My partner and I have been together for about 9 years. We’ve built our lives together, and I can’t imagine what my world would look like without them in it. However, I’ve been really struggling with the way they approach conflict. More often than not, they really dig in. They sometimes say cruel or dismissive things, like that the conflict is proof that I never loved them. This ends up happening at least once a week.
I also want to clarify that these fights won’t necessarily be over something big (for example, last week, we had a fight over the fact that I forgot to put the toothpaste back in the bathroom after using it, which messed up their evening routine). That can make it hard for me to guess when I’m doing something that’ll upset them. This gets even more tricky because we’re both neurodivergent and have strong triggers from past abusive relationships (both romantic and familial), and all of this manifests in ways that cause more friction.
I’ve had many conversations with them about it. I’ve tried to change how I engage with them during those conflicts. I’ve also tried removing myself from the situation when it happens to give us both space. None of it works. Potentially, therapy would help, but neither of us can afford it with our current jobs.
I’m not trying to deflect blame. I know there are ways I don’t react well to conflict myself and that I’ve had my fair share of fuck-ups. But I don’t feel like it should be this hard all the time.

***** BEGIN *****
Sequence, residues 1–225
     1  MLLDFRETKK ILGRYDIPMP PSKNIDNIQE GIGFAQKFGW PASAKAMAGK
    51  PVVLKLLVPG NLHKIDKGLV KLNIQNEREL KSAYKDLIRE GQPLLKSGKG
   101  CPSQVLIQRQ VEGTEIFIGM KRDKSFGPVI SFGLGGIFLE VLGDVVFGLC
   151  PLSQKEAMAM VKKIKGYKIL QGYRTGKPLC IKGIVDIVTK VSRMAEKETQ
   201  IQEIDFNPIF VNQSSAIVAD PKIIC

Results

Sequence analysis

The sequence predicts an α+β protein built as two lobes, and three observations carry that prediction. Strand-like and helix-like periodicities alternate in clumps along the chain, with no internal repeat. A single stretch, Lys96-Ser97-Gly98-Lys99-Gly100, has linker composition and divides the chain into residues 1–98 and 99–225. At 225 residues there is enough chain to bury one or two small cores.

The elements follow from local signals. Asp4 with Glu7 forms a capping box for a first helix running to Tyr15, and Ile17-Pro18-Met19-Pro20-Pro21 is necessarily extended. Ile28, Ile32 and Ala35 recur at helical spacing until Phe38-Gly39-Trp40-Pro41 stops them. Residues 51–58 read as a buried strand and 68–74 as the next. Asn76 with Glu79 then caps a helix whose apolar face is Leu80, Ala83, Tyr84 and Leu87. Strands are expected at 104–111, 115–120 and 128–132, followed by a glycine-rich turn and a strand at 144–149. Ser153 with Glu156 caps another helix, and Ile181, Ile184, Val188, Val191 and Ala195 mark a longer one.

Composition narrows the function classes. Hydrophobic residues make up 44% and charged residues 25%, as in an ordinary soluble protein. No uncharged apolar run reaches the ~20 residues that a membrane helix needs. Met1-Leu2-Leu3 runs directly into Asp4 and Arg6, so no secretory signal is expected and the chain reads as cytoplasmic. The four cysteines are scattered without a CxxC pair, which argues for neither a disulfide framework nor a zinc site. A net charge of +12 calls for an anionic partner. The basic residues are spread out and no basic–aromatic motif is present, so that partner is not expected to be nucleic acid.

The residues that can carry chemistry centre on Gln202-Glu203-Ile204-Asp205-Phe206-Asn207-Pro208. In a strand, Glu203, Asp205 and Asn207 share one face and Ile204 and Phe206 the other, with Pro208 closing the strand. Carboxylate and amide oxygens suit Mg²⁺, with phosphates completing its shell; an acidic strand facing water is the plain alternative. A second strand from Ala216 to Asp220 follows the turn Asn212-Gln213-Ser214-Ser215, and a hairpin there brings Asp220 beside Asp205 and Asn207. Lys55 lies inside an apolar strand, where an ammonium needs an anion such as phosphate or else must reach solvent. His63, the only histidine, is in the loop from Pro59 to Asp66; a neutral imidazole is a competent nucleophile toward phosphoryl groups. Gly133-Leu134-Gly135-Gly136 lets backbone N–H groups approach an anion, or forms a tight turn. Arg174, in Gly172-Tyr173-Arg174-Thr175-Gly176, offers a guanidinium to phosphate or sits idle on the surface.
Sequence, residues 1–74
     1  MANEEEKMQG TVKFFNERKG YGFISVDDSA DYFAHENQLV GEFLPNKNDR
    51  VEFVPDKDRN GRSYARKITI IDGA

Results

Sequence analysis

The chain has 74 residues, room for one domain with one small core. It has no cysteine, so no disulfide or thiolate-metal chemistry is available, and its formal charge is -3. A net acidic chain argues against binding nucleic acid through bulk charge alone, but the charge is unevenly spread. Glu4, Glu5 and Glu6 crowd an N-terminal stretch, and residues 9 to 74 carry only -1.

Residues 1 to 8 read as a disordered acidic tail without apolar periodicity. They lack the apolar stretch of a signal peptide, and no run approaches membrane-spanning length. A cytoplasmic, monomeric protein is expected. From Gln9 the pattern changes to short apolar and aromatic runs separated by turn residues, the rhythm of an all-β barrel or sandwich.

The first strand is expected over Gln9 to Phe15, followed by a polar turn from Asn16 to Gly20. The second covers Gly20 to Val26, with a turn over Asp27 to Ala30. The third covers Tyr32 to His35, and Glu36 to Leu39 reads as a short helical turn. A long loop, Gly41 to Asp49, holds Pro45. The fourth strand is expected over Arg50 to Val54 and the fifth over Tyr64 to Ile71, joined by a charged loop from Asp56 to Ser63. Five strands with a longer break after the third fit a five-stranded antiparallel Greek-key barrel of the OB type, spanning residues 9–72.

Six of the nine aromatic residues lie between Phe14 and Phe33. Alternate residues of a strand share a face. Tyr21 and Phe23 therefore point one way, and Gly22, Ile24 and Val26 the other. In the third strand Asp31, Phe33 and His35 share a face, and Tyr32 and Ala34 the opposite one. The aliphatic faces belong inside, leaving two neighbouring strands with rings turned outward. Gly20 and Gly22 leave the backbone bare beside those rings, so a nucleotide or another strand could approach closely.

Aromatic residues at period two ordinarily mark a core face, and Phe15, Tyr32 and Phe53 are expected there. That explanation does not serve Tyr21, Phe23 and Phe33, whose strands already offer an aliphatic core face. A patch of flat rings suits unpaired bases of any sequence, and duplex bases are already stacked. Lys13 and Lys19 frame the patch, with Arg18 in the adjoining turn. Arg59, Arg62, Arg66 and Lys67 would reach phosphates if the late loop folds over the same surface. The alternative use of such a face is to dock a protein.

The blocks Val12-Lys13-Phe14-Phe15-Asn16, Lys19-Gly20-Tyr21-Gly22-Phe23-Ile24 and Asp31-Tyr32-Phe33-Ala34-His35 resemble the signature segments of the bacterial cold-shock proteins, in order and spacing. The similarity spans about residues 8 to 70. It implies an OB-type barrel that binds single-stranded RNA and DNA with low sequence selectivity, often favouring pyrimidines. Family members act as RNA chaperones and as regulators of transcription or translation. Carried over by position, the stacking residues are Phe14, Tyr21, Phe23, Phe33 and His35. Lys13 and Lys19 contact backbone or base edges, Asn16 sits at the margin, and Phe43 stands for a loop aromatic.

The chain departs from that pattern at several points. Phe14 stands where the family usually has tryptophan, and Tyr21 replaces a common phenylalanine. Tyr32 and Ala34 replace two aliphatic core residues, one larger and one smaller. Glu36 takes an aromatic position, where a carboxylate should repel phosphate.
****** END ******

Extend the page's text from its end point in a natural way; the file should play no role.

I’d really appreciate any advice.
Oh, friend. No, it is not supposed to be this hard.
Everyone gets up on the wrong side of the bed occasionally. Most people accidentally snap at a partner every once in a while. We’ve all said something we regret during the heat of an argument, once or twice. But weekly, sustained arguments over things like forgetting to put back the tube of toothpaste? Fights you can’t predict in which you find yourself defending basic facts, such as the fact that you love your partner? That’s not okay. It’s not okay regardless of the trauma in your partner’s past. It’s not okay even if you’ve “had your share of fuck-ups.” Everyone fucks up. But your partner is enacting a sustained pattern of harmful behavior. You don’t deserve it, and it needs to stop.
Loving someone who asks you to prove your love, or who takes innocuous actions as proof of some sort of slight against them, is such a destabilizing spot to be in. It’s destabilizing not only because your partner has connected the dots between two points that don’t have anything to do with one other (say, toothpaste and love), but also precisely because you do love your partner, and you want them to know it! When small actions lead to big accusations, it’s really natural to work as hard as you can to avoid causing any of those arguments. But irritants and triggers can’t always be avoided, and they definitely can’t be guessed at. Moving through the space of your relationship as carefully as you are is unsustainable. And I want to be very clear: whatever your partner is going through in the moments where things like toothpaste trigger larger conflicts, you did not cause it. Inadvertently setting off a trigger is not the same as deliberately causing harm.